To be able to adequately treat the homeless, Dr. Jim Withers decided he had to do something different.
"Literally, I started dressing like a homeless person and sneaking out at night with a guy who used to be homeless. As far as why, that had a lot more to do with my concern for the way we treated other people,” Withers told The Huffington Post.
Known in Pittsburgh as the "street doctor," Dr. Withers began his outreach work with the homeless in 1992. He and Mike Sallows, a former homeless man, would take to the streets at night dressed as homeless men with a backpack full of medicine, treating those living in alleys and under the bridges of the city. They offered free check-ups, over the counter medications and treatments.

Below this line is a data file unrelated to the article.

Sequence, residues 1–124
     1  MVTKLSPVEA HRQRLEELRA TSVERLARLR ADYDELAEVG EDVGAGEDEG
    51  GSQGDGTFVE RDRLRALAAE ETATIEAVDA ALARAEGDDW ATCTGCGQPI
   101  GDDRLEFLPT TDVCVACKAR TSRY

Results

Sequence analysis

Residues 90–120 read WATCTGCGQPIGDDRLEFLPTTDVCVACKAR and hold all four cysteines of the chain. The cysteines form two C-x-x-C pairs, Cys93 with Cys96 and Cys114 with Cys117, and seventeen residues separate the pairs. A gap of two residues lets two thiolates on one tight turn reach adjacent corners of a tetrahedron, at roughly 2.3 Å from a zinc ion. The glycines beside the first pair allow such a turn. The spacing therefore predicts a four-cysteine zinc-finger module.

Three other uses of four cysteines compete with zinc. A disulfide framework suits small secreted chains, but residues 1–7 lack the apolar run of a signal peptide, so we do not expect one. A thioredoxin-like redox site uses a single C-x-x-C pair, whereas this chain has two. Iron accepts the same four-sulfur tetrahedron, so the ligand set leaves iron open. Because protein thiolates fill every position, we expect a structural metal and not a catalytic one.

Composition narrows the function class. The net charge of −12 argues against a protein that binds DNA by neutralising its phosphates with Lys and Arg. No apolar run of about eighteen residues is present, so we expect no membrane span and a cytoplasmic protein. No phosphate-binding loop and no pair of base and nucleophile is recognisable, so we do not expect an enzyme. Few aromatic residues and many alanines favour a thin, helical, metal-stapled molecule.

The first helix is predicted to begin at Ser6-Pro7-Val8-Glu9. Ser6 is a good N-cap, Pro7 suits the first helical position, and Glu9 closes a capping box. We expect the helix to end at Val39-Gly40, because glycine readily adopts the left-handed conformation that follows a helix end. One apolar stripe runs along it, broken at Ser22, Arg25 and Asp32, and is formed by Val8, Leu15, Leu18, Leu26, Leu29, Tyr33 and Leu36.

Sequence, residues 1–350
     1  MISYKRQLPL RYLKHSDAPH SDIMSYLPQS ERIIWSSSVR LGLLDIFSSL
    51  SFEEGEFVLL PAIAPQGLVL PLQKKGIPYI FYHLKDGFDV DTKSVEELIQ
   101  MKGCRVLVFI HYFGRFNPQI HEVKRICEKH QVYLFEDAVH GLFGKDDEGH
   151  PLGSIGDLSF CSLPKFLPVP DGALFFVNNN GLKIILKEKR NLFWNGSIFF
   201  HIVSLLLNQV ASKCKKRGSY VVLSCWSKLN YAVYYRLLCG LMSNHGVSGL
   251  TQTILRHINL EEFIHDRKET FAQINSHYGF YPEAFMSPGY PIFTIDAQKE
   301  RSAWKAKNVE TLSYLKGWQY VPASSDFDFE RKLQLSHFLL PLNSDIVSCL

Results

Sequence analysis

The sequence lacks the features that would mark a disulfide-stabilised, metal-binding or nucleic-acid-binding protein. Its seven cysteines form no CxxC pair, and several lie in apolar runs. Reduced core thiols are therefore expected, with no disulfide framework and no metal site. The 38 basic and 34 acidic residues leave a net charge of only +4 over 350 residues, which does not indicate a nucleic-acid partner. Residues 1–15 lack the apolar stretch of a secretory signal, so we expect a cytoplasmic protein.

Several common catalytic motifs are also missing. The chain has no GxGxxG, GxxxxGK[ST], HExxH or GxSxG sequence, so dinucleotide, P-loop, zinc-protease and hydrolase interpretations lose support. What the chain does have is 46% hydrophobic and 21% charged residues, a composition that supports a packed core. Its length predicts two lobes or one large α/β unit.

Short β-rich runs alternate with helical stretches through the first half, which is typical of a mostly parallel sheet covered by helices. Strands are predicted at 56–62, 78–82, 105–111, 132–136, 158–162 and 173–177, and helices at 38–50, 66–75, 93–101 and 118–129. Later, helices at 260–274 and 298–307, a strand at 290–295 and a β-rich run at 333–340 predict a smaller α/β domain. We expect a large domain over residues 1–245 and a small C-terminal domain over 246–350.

Sallows had two rules for Dr. Withers while tagging along with him at night: don't dress like a doctor, and don't do anything stupid, NationSwell states.
What started as two people offering free medical care has since grown. Four nights a week medical students and volunteers go out and treat the homeless, as part of Wither's non-profit Operation Safety Net -- one of the nation's first full-time street medicine programs, according to Twisted Sifter.
Filmmaker Julie Sokolow followed Withers and his team of volunteers for two days and captured their work in a new short film titled "Making House Calls, To People Without Homes." The film premiered on NationSwell earlier this week.
Dr. Withers work has made a global impact.
More than 90 countries have since developed similar street medicine programs, which Dr. Withers told The Huffington Post is an incredible mark of hope for the future of community health care.